Growing Herbs and Salads Indoors

If you don’t have any outdoor space – or if you want to try extending your salad crops through the colder months – then growing herbs and salads indoors might be the answer.

Herbs and Salads to Try

You can enjoy plenty of homegrown salad ingredients – try some of these suggestions:

  • Pea shoots: recently these have become trendy at gourmet restaurants, where they can be found artistically arranged on top of your supper. They are sweet, tender and quite strongly flavoured, so they make a nice addition to a mixed salad. They’re easy to grow in cool conditions: choose hardy pea seeds, and you could have a tray growing on your back porch. You’ll get two or three cuttings from each seedling, making this a good‐value salad crop.
  • Long‐lasting herbs, such as chives, sage, oregano and mint. Tender annuals (like coriander and basil) don’t fare so well indoors, so stick to the woodier varieties. Give these Mediterranean herbs a sunny windowsill and make sure you rotate the trays to get the best crops.
  • Mustard and cress: an old‐fashioned favourite and still a great choice for an indoor salad garden. These microleaves are ready in a week, and lend a punchy flavour to your favourite sandwiches. Note that these aren’t CCA varieties.
  • Rocket, any variety: Notoriously hardy Rocket grows outdoors almost all year round, but if you don’t have space, sow a tray indoors and treat it as a cut‐and‐come‐again plant.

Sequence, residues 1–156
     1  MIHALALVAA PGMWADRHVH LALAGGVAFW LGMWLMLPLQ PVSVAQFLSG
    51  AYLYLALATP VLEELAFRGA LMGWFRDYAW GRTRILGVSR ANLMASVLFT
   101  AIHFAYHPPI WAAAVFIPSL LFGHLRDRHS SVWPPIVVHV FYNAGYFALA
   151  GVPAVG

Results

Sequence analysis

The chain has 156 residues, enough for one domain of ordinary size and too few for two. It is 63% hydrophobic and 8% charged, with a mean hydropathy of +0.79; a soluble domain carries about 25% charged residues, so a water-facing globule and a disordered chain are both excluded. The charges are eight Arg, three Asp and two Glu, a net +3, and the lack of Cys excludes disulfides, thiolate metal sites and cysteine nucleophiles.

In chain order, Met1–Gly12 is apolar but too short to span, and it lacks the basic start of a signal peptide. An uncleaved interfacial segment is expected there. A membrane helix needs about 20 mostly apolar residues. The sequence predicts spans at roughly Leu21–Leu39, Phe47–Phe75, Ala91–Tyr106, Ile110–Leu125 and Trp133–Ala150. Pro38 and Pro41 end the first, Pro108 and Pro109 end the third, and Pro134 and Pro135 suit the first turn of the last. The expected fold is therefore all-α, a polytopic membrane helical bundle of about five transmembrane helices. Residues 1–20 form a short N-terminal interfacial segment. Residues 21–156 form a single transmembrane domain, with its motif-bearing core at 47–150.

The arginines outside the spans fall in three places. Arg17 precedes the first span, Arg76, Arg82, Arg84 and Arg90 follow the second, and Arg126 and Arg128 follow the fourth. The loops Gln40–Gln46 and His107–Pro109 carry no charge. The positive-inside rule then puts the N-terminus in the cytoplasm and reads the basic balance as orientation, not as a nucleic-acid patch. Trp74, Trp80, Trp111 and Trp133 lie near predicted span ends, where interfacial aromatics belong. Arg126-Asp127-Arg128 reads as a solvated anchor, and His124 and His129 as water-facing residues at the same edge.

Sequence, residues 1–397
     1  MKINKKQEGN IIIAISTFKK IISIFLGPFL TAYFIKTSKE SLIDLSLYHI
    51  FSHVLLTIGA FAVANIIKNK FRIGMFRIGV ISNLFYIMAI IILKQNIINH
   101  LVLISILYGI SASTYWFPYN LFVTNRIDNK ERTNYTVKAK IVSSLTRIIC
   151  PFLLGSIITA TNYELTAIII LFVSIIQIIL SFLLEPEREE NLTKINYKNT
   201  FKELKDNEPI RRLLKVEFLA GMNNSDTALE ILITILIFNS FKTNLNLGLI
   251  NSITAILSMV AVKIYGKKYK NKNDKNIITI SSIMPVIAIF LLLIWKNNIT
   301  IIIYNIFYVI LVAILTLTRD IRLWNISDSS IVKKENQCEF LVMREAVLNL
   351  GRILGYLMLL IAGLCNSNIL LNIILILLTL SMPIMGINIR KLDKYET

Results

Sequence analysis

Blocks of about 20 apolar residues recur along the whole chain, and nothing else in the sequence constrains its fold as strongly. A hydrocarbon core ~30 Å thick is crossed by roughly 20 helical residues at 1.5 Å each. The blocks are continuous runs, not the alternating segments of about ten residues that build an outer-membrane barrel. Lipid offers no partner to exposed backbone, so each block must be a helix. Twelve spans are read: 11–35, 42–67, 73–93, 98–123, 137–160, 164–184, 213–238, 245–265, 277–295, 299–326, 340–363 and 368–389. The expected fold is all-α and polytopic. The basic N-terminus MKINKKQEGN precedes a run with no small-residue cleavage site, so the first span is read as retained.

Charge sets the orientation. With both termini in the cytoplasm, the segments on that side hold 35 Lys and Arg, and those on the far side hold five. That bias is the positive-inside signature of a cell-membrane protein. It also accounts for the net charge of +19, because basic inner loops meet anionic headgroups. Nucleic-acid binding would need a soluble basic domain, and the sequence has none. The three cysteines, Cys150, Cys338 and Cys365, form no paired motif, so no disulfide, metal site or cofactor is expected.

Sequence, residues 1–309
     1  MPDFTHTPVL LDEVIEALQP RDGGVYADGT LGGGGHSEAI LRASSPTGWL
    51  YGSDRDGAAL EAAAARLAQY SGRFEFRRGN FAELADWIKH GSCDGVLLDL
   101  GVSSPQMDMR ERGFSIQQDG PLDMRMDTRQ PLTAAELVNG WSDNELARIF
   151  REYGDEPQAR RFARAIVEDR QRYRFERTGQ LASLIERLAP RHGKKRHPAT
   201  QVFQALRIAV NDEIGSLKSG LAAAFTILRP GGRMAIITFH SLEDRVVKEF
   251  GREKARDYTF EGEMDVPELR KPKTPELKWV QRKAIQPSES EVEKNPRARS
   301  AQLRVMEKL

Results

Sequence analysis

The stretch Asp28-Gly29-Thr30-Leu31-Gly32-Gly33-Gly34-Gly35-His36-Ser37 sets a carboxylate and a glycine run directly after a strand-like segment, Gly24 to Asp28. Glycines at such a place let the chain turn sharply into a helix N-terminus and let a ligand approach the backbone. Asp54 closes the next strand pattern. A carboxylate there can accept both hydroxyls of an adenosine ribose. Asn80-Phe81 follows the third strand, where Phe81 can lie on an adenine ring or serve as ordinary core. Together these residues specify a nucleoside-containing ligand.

• Don’t forget about sprouting seeds: a fun project for children to try. You can buy mixed or individual packets of seed for sprouting (such as alfalfa, mung beans and chickpea). Use a clean jam jar and quarter‐fill it with seeds, then top up with water. Cover the jar with muslin and place it in a cool dark place overnight. Strain off the water every day, replacing it with fresh water. You’ll have sprouted seeds to enjoy in a few days!

Sowing Made Easy

Sowing seed is easy if you follow a few basic rules:

  • You need two trays – one with drainage holes and one to put underneath to catch water. Once the seedlings have started to show, you should water by pouring into the bottom tray and waiting for the soil to drink up the moisture. Splashing water on top of delicate seedlings can uproot them.
  • Fill the holey tray with special seed compost. It may seem expensive, but it’s worthwhile – your garden soil may have pests or diseases in it, and it is also probably too lumpy to allow tiny seeds to put out roots.
  • Dampen the compost before sowing your seeds.
  • Sow a pinch at a time, following the packet instructions for spacing. Some salad seeds do not require any covering, but others will prefer a light covering of soil (or vermiculite – available at garden centres).
  • To speed up germination, put a plastic lid on the tray – or cover it with clingfilm. Keep an eye on the seeds and as soon as they start to sprout, remove the plastic.
  • Rotate the trays now and again so that the plants get light on both sides, encouraging them to develop a more bushy habit.
  • Harvest microleaves – such as cress and mustard shoots – when they are small, cutting with a scissors to encourage them to regrow (which they might not do).
  • For ‘cut‐and‐come‐again’ (CCA) varieties, you should allow a bit more growth, then cut one or two leaves from each plant, and leave to regrow.

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